Course : MOC Part IV: Classic Galactosemia
Classic Galactosemia is an autosomal recessive disorder caused by impairment in the enzyme Galactose-1-Phosphate uridyltransferase (GALT). This creates an accumulation of galactose-1-phosphate, which has a toxic effect on the liver producing prolonged neonatal jaundice of the newborn. Enzyme activity is diagnostic and DNA analysis can be helpful. There are to some extent genotype-phenotype correlations with respect to enzyme activity and outcomes, however this has currently little or no impact on management. In the differential diagnosis are variant forms of transferase deficiency, and deficiencie s o f UDPgalactos e epimeras e (GALE ) can lead to elevated galactose-1-phosphate levels but normal GALT activity. A screen positive newborn for GALT deficiency requires immediate change of lactose containing milk to soy-based formula while evaluation for Classic Galactosemia continues. Chronic outcome of treated newborns may include cataracts, dyspraxic speech, growth restriction, ataxia, and premature ovarian insufficiency. All patients require quality medical services from a metabolic specialist, including clinical evaluation, diagnostic confirmation by laboratory testing to include pre-feed, RBC galactose-1-phosphate and GALT activity preventive management of disease-specific manifestations, treatment and genetic counseling. Carrier testing in classic galactosemia is possible with enzyme assay but may be improved with DNA testing for identified mutations and prenatal diagnosis is possible only with DNA analysis, so all families should be offered DNA testing.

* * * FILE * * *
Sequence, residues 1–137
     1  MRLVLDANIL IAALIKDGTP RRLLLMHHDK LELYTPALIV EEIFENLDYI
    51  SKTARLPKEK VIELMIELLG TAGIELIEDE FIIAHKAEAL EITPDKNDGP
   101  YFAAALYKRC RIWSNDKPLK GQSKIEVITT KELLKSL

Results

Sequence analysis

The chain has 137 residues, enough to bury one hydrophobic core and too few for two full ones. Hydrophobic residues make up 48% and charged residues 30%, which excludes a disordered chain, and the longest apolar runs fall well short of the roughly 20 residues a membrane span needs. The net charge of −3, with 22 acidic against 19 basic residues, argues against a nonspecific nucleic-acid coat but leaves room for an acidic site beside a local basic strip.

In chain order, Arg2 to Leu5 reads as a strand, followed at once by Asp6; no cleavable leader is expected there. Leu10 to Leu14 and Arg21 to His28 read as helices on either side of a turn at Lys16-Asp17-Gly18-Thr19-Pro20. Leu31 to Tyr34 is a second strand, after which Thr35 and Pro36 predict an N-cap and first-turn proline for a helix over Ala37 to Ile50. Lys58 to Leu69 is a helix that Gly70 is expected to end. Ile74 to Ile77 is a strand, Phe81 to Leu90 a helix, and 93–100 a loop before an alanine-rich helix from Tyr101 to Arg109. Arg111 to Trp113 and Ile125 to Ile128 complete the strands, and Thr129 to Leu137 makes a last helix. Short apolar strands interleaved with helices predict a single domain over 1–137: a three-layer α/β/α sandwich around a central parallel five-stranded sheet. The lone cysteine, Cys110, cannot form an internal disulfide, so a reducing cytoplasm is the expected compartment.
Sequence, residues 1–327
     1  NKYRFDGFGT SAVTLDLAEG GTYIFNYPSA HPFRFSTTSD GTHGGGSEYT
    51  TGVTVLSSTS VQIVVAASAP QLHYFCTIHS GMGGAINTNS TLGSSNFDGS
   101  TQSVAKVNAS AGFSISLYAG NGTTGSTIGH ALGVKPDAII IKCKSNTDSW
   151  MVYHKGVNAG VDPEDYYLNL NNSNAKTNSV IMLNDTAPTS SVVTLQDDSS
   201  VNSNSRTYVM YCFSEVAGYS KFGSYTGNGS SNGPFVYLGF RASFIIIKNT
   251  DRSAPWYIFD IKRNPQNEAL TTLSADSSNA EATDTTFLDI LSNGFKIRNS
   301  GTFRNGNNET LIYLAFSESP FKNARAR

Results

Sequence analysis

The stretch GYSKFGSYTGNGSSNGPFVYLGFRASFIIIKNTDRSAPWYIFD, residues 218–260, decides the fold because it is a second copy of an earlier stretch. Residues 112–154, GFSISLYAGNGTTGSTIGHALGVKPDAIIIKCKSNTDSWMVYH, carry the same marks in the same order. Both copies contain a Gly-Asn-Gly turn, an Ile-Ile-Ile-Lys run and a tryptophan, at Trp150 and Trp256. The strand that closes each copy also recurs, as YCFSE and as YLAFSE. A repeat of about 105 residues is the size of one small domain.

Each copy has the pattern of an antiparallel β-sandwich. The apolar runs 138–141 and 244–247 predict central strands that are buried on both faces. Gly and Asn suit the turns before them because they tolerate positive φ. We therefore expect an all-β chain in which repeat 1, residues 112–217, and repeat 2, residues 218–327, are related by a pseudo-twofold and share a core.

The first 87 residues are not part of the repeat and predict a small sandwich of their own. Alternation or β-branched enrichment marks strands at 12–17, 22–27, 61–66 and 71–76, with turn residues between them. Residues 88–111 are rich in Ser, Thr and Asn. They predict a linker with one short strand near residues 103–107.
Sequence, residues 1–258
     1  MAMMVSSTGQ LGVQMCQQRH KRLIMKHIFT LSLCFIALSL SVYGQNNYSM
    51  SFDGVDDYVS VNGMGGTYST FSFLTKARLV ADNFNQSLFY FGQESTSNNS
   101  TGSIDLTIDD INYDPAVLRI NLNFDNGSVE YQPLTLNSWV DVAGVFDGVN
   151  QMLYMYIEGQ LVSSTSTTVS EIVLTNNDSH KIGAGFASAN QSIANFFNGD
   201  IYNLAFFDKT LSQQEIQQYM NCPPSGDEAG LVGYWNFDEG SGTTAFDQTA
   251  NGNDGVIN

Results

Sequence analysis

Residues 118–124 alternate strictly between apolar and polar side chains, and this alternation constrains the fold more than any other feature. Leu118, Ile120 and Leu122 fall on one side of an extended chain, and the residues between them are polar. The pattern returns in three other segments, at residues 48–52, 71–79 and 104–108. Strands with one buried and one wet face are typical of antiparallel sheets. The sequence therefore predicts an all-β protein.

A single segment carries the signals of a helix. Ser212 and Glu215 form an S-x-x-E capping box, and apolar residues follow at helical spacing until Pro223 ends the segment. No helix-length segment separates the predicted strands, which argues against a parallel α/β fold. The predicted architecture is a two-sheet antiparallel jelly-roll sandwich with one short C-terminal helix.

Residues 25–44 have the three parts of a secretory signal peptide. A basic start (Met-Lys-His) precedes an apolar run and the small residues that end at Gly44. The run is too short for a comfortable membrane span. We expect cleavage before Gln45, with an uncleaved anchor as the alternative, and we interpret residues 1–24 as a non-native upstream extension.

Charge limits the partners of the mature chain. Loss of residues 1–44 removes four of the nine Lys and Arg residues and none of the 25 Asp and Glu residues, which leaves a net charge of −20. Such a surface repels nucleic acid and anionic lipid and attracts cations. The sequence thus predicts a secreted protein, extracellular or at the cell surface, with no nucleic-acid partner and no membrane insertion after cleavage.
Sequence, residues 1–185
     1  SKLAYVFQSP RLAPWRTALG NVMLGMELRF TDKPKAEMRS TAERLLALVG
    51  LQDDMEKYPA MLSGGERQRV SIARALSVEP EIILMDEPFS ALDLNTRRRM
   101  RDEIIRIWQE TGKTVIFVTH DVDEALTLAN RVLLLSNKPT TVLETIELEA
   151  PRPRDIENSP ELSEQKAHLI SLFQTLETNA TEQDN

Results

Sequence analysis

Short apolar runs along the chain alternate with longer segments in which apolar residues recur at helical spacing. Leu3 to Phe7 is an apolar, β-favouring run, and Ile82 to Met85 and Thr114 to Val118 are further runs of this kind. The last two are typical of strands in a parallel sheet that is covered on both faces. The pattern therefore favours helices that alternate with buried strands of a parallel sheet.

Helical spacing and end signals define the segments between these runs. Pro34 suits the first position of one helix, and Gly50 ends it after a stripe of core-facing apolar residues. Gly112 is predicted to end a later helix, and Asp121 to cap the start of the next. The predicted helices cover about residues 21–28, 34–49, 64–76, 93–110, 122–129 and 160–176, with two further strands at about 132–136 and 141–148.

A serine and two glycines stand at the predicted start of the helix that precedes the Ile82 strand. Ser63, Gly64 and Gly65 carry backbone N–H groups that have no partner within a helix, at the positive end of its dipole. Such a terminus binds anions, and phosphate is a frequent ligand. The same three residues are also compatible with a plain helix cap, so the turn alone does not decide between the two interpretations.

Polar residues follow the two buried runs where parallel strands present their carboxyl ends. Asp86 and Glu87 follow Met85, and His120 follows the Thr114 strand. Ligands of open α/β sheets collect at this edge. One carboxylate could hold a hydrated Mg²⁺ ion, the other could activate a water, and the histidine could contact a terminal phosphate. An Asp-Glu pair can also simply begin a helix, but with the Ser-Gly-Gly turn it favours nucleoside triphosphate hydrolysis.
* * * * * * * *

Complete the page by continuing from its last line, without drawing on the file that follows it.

ACMG Members and ACMG Trainees ($25)
Provide initial and ongoing care to patients diagnosed with galactosemia. This does NOT include the follow up of newborn screen abnormalities but focuses on patients diagnosed with galactosemia.